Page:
The Days of Adobe Flash-Driven Websites are Seriously Numbered!

Screen shot of "uninstall Flash" popup box

Image via tech site Ars Technica

According to the venerable tech website Ars Technica, Google has announced by the end of the year its Chrome browser will display Adobe Flash animations only if you actively click on them. By the end of the 2016 Chrome will disable Flash altogether!

Google will be taking another step towards an HTML5-only Web later this year, as the systematic deprecation and removal of Flash continues.

In a plan outlined last week, Flash will be disabled by default in the fourth quarter of this year. Embedded Flash content will not run, and JavaScript attempts to detect the plugin will not find it. Whenever Chrome detects that a site is trying to use the plugin, it will ask the user if they want to enable it or not. It will also trap attempts to redirect users to Adobe’s Flash download page and similarly offer to enable the plugin.

Source: Ars Technica

I’m mostly fine with this. I appreciate that some games are available only in Flash, but I imagine you’ll always be able to open those games in special, non-web-browser apps. Like, oh, say the Adobe Flash Player!

But otherwise the only remaining uses for Flash tend to be ads, malware, and really, really old websites.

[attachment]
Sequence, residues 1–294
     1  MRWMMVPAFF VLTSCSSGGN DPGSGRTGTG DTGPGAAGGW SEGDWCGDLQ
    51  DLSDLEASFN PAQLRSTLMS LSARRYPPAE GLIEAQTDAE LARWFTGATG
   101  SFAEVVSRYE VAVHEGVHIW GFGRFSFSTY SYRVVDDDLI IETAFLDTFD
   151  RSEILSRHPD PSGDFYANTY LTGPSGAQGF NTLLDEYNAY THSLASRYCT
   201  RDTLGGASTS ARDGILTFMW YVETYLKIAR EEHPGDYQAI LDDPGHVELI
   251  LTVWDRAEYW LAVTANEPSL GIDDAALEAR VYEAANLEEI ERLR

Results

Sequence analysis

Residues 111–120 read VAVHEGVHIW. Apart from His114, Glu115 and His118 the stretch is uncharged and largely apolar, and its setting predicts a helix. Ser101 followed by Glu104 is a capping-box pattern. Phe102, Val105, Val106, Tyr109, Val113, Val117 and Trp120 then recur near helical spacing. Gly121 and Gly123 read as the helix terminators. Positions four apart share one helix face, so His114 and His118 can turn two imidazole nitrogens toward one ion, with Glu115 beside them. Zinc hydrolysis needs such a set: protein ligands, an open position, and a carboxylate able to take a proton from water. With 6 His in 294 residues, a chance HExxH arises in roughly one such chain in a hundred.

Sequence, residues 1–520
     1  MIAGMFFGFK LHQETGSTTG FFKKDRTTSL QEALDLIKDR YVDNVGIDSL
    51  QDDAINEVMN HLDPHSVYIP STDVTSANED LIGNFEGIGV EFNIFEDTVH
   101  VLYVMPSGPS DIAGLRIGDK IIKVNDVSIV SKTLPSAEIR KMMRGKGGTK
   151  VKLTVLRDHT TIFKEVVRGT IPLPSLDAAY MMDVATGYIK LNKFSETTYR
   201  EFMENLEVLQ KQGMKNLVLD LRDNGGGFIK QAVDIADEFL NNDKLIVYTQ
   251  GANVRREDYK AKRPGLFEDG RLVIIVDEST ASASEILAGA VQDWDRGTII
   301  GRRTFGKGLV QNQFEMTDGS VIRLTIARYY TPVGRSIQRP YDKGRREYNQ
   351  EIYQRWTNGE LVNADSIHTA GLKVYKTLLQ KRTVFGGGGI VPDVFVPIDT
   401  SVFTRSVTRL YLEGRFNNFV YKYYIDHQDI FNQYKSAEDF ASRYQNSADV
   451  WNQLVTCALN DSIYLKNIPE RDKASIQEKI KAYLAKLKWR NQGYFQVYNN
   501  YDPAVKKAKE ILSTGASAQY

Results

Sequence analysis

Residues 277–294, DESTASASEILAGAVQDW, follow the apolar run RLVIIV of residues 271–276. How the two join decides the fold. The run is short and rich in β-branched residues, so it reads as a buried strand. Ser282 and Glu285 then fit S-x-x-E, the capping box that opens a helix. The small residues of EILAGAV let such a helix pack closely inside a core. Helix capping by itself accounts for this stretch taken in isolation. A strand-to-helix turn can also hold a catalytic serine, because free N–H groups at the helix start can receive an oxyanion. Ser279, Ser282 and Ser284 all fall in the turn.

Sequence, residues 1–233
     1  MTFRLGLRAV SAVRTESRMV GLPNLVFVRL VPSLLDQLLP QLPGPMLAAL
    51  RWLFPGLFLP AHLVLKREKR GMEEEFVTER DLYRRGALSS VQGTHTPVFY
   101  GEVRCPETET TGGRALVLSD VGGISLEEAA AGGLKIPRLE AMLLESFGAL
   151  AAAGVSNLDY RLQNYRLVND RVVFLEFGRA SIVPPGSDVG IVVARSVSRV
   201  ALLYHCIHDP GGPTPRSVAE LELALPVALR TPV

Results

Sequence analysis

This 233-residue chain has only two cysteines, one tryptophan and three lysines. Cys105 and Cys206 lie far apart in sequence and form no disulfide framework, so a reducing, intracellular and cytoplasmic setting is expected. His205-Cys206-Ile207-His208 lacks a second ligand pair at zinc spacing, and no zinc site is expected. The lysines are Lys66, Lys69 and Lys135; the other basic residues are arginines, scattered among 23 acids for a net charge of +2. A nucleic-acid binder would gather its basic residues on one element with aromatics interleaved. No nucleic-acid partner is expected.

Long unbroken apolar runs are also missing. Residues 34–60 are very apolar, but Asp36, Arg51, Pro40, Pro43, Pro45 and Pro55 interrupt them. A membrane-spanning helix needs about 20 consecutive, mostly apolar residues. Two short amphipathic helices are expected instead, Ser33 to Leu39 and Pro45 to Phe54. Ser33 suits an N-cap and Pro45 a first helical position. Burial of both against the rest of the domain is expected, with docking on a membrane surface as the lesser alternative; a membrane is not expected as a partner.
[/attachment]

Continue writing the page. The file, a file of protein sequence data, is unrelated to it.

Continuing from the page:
Forgive me for putting in a plug here but if your website is still using Flash animations in its main content — in splash pages for instance or, worse, for menus it’s time to update your site.

This might be the place where I’d make a pitch for hiring RealBasics.com to rebuild your site… and sure, we’d be delighted. But instead I’d like to say that if your site is old enough to still be using Flash you should hire any credible, local web developer or designer.

Preferably before the end of 2016 and definitely before the end of 2017!

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David Innes, RealBasics.com

I've been building and maintaining websites since 1997 and building and supporting similar hypertext-driven software since 1987. I've done maintenance, support, and maintenance for physical and digital systems since 1981.